Sister of man killed by police asks Ministry of Justice to track officer-involved shootings
An Ontario woman has written to Canada’s minister of justice and attorney general with a heartfelt request for the government to pay more attention to shootings involving police.
On December 2, 2013, Joanne MacIsaac’s brother, Michael, was shot by Durham Regional Police while experiencing a mental-health crisis. He died in hospital the following day.
“Since that time, through our staggering trauma and despair, we have been troubled to discover that there is no national database of police killings or use of excessive force incidents in Canada,” MacIsaac writes in her letter to Minister Jody Wilson-Raybould. “In fact, there is no accurate tally of police shootings across our country, not even the deadly ones.”
MacIsaac says she wants the government to collect data on police shootings so that it can identify department shortcomings and improve tactics and training.
“How common are such incidents of police use of force, lethal and non-lethal in Canada?” she asks. “Are the numbers increasing? Has there been progress in our approach to policing in Canada? The undisputed reality is that we do not know.”
If the letter catches the attention of the justice minister, a Liberal MP for Vancouver Granville, MacIsaac’s call for a database tracking police shootings could reveal patterns from such incidents that have occurred in B.C.
On Thursday (January 21), CBC is scheduled to air a documentary that presents evidence 28 British Columbians are among 72 people across Canada who were killed by police in circumstances similar to those of Michael MacIsaac, where mental health was a factor.
The film, Hold Your Fire, explores the circumstances around MacIsaac’s death. It also examines the case of Paul Boyd, a Vancouver animator who was shot and killed in 2007, and Sammy Yatim, who was shot by Toronto police in 2013.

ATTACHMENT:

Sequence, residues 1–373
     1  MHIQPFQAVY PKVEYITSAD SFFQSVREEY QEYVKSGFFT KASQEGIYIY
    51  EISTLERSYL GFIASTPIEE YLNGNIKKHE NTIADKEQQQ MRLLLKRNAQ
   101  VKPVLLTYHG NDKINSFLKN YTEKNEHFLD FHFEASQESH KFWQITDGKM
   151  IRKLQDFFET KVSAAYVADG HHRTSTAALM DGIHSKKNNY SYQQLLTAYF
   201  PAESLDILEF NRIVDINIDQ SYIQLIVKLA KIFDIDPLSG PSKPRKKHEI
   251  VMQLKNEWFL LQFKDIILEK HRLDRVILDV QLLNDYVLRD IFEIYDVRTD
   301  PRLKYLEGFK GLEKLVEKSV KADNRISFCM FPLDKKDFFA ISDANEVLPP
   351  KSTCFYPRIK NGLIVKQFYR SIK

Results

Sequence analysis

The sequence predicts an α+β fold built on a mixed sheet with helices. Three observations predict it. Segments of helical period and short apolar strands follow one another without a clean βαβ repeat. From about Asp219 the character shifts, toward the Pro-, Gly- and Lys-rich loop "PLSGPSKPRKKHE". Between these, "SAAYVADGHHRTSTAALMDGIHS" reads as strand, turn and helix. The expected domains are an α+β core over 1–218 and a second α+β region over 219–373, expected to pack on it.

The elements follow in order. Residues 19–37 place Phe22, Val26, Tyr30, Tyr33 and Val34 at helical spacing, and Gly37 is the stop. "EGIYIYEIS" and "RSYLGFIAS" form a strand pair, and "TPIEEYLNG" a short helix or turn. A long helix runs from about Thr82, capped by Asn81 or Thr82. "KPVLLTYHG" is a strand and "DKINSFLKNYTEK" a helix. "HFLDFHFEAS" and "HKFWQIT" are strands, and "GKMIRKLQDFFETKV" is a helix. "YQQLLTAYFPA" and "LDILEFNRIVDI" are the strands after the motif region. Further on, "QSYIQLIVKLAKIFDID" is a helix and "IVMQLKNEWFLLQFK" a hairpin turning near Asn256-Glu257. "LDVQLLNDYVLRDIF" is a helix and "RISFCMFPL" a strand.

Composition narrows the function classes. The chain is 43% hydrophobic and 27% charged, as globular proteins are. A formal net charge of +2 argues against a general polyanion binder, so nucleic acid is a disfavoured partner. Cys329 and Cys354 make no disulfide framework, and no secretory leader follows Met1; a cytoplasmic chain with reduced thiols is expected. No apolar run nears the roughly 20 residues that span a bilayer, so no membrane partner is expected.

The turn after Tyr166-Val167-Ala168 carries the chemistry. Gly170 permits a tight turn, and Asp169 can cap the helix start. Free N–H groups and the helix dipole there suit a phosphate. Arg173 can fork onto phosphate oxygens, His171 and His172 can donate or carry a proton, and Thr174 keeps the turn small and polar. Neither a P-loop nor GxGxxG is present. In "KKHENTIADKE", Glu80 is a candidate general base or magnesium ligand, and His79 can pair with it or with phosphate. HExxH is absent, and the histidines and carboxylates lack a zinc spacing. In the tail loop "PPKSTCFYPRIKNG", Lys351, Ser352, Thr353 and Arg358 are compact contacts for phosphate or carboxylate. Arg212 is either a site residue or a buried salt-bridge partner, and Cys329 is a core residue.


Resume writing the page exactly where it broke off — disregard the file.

The Straight spoke with the documentary’s director, Helen Slinger, last October. She said she and fellow investigative reporter Yvette Brend found that the first few minutes or even seconds of an encounter with police often means the difference between life and death.
“We started out looking for that moment, asking, 'how do you pull back?' ” Slinger said. “And what I felt was really obvious is it is how the particular unit goes to that call that makes all the difference.”
Slinger’s findings mirror those of the Georgia Straight’s own analysis for British Columbia.
In February 2015, the Straight published a review of more than 120 coroners’ reports that dated from 2007 to 2014. During that period, it was found there were 99 incidents where someone died in the custody of the RCMP or police.
Of those cases, the Straight determined 17 deaths involved a mental-health issue, 59 involved substance abuse, and at least 13 involved both drugs and a mental-health component. (The Straight’s analysis differed from Slinger’s in a number of ways. For example, in addition to looking at cases involving a mental illness, it also included situations where a person struggled with a serious addiction issue.)
Slinger said if there is one message she hopes people take from her documentary, it is that police officers need to slow down when responding to an individual experiencing a mental-health crisis.
Hold Your Fire airs tomorrow night, January 21, on CBC Television’s Firsthand program.